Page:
This study examines how the black male body is imagined in the art of Jamaica around Independence. Its case study is the photography of Archie Lindo, who was also a poet, playwright and radio broadcaster.
While Lindo’s photography captured various aspects of Jamaican life, he also produced black male nudes with homo-erotic overtones, most of which were never shown publicly. Lindo’s transgressive eroticizing gaze, combined with the dynamics between his privileged position as a light-skinned middle-class Jamaican who identified with black culture and the social status of his subjects, most of whom were poor and working class young males, also sheds new light on the racial and sexual dynamics in the art of that period and complicates the critiques of its cultural nationalist agenda.
Lindo is compared with the white Harlem Renaissance photographer Carl Van Vechten, who is best known for his iconic portraits of artists, writers and other celebrities, but also produced a private archive of homo-erotica that mainly depict black subjects. The similarities between the life and work of Van Vechten and Lindo suggest that there have been hidden but active queer spaces within the Jamaican nationalist school and the Harlem Renaissance and also sheds further light on the interactions between the two.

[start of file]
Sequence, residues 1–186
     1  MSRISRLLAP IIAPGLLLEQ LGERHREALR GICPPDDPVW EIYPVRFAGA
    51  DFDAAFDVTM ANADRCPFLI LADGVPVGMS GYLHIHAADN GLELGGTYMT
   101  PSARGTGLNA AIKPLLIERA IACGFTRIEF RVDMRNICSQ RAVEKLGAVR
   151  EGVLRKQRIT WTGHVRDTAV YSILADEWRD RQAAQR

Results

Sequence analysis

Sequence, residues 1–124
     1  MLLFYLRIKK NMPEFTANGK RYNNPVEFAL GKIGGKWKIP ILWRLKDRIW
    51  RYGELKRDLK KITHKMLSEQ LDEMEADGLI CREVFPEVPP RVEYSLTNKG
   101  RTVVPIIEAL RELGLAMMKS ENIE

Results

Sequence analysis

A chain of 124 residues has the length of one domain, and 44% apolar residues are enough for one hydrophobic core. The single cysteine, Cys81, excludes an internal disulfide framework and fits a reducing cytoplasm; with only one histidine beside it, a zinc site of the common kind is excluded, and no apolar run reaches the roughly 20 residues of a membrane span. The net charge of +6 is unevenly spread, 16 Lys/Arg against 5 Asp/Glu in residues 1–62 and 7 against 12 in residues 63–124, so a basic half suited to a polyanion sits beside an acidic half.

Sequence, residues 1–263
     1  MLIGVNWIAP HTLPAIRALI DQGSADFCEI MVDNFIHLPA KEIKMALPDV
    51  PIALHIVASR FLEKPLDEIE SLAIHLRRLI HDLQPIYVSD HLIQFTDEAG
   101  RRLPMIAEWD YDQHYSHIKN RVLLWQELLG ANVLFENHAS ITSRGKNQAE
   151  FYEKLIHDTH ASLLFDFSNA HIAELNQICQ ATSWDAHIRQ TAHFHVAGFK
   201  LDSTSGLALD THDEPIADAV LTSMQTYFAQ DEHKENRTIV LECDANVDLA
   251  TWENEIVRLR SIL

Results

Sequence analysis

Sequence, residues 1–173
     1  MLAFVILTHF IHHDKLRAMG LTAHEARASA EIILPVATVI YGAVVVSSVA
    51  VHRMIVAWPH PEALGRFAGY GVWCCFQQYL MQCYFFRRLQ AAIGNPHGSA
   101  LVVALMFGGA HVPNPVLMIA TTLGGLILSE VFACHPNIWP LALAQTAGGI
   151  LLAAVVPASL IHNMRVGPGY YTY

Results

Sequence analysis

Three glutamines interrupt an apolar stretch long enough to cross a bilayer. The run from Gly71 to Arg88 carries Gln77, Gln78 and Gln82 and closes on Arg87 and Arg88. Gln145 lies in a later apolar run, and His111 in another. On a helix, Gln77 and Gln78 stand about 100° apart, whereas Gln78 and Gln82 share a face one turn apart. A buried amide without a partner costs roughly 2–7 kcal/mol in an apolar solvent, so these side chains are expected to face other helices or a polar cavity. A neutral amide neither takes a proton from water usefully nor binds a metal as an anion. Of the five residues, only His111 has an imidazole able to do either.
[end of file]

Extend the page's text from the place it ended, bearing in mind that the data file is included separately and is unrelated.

Using a theoretical framework derived from postcolonial queer studies, visual studies, and art history, this study examines the socio-cultural significance of Lindo’s exhibited and private work, with a focus on his best known photograph, The Irish Moss Gatherers. Lindo’s work is also related to this author’s own artistic practice as a contemporary black Jamaican photographer who uses the male body as his main symbolic vehicle, but from a more self-reflexive personal and political perspective.
Keywords: O’Neil Lawrence; Archie Lindo; Art history; Black bodies; Carl Van Vechten; Iconography; Masculinities; Nationalism; Nudes; Photography; Queer; Visual studies